Goddamn. I hadn’t heard a note of the man until that night, & I just stood there in beery disbelief, jammed up about one row from the front. Only a couple of teenagers and the photog’s row were closer. I didn’t have my earplugs in and I both regretted it and thanked myself for my good subconscious planning every time he pulled back to annihilate the microphone. Lord how he worked it; everything was white-hot commitment. He fell to his knees, mic stand over his back like Jesus & his cross. He pulled James Brown moves on his mic stand, flinging it forward and yanking it back, startling one of the photographers. He hip-gyrated and tried splits. He worked odd tai chi maneuvers & fluttery-armed backpedals. He mugged and finger-licked and lewdly grinned. He let it all out for us in a way I haven’t seen a performer do in years. His face streamed sweat as he grimaced in the grip of those impassioned songs as if he had just instants ago discovered their melody and message.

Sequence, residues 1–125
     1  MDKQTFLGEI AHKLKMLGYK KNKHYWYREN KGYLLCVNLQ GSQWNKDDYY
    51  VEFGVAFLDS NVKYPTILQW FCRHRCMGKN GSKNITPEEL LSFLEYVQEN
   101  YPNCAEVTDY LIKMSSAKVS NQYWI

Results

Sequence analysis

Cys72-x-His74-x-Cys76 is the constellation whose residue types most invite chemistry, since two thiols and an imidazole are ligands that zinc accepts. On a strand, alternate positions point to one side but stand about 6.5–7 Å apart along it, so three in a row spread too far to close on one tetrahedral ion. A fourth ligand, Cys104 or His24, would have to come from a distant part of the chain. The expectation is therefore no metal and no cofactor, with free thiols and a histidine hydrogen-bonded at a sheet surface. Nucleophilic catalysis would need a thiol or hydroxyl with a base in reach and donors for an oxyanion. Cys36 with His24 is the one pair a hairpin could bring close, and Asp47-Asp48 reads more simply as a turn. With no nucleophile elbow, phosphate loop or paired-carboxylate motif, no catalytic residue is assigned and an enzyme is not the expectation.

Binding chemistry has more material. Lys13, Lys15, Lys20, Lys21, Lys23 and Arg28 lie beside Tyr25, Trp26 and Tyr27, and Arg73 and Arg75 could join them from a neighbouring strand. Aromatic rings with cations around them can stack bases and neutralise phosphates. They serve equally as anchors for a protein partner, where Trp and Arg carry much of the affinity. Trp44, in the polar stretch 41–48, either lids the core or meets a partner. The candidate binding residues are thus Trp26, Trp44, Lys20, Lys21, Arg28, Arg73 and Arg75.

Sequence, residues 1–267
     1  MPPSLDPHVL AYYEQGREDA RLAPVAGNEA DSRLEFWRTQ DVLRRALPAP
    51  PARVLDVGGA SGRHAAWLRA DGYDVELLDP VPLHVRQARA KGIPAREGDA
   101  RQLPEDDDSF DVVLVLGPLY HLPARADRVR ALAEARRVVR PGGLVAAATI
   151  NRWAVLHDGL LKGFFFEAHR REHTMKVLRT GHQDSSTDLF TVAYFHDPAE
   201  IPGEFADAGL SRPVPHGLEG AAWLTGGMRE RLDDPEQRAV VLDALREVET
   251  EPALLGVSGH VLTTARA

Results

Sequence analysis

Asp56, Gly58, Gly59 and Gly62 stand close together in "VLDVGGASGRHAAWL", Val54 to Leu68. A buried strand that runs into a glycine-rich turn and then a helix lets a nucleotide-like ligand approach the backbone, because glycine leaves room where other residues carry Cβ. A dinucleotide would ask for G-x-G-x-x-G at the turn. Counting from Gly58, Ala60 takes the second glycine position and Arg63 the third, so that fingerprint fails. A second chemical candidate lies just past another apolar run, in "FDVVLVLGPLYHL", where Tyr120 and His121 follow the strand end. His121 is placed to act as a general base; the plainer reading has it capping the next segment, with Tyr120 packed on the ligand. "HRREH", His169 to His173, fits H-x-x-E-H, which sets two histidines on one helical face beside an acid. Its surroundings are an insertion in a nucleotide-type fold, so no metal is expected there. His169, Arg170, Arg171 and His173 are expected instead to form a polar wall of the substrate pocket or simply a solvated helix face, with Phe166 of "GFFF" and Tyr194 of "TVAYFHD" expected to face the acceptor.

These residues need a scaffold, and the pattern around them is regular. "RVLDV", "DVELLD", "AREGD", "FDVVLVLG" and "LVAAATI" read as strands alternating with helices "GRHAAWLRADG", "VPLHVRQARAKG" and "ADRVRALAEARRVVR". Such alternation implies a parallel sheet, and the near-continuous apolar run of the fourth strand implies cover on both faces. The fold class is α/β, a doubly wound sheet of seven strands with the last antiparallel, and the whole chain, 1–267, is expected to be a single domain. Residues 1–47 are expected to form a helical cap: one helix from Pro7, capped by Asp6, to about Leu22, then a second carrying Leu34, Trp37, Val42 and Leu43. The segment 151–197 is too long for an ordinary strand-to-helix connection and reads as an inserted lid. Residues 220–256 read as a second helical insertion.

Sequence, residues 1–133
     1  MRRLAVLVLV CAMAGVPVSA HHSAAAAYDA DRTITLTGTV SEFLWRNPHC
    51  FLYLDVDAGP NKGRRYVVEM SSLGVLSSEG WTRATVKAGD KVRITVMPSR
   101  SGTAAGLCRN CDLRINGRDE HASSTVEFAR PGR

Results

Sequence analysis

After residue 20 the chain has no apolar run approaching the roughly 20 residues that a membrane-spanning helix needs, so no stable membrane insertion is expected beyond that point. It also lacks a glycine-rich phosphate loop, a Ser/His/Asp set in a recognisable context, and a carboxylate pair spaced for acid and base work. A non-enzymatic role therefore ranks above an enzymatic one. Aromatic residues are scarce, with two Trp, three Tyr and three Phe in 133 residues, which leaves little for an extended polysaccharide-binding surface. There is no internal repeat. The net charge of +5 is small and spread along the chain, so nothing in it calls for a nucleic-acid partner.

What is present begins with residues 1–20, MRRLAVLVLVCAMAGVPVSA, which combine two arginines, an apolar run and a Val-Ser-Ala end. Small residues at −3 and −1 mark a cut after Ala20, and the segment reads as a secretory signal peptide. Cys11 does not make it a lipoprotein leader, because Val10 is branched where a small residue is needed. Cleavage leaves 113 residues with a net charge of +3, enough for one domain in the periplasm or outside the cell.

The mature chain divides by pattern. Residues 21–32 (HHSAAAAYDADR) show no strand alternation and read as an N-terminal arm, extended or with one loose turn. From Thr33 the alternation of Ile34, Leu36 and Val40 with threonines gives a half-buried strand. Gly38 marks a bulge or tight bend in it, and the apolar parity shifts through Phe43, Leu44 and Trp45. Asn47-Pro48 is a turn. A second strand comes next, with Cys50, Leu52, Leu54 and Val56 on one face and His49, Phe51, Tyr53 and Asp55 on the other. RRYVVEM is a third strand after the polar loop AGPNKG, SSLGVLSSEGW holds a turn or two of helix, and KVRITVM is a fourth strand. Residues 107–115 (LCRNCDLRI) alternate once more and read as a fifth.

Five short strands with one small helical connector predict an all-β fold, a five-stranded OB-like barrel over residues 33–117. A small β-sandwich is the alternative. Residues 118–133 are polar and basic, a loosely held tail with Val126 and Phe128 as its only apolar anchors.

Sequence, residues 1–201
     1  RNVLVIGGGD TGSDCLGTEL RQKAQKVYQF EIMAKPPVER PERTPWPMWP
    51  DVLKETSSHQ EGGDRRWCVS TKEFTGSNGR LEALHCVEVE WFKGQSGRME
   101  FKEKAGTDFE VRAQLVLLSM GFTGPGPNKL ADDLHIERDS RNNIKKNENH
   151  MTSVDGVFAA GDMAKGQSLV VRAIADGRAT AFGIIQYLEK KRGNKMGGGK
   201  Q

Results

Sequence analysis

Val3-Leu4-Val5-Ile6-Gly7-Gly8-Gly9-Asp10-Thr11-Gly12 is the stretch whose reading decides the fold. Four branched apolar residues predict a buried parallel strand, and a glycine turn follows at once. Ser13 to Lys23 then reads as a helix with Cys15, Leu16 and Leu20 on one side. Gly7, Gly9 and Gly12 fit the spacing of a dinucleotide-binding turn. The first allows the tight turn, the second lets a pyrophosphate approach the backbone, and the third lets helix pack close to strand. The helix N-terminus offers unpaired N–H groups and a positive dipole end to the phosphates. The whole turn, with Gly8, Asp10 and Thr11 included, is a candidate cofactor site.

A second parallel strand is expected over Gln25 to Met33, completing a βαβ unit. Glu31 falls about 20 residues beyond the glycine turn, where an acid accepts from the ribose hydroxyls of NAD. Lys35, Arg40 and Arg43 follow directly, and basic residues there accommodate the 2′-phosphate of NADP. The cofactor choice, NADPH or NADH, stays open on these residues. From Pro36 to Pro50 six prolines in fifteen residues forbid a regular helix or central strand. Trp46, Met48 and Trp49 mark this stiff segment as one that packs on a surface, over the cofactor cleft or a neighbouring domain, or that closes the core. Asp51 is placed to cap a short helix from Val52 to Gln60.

Bradley ended his set by coming down to the front row, with some assistance from security, where he was rapidly mobbed, held, embraced by those of us lucky enough to be close by. I patted him & held his damp head & felt vast thanks. Greil Marcus once said of the music of Chester Burnett, aka Howlin Wolf: “This is where the soul of man never dies.” On June 12 2014, in a packed warehoused crowd full of twenty somethings cheering for music of a bygone generation, I saw another spark from that great universal soul Marcus saw in the Wolf. & my my my how bright it shone.



For more information about Eric Sloane, please check out his site here.

For more about Albert Gabriel Rigolot, please check out this online gallery at Rehs Galleries, Inc..

For more information about Charles Bradely, please check out this indispensable 6-part interview series sensitively conducted by FaceCulture.

[Posted by SnailCrow on June 23, 2014]

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[file under: ABANDONED ST. UNITS ||| Ekphrasis ||| Music ||| paintings/drawings ||| sculpture ||| Visual Arts ]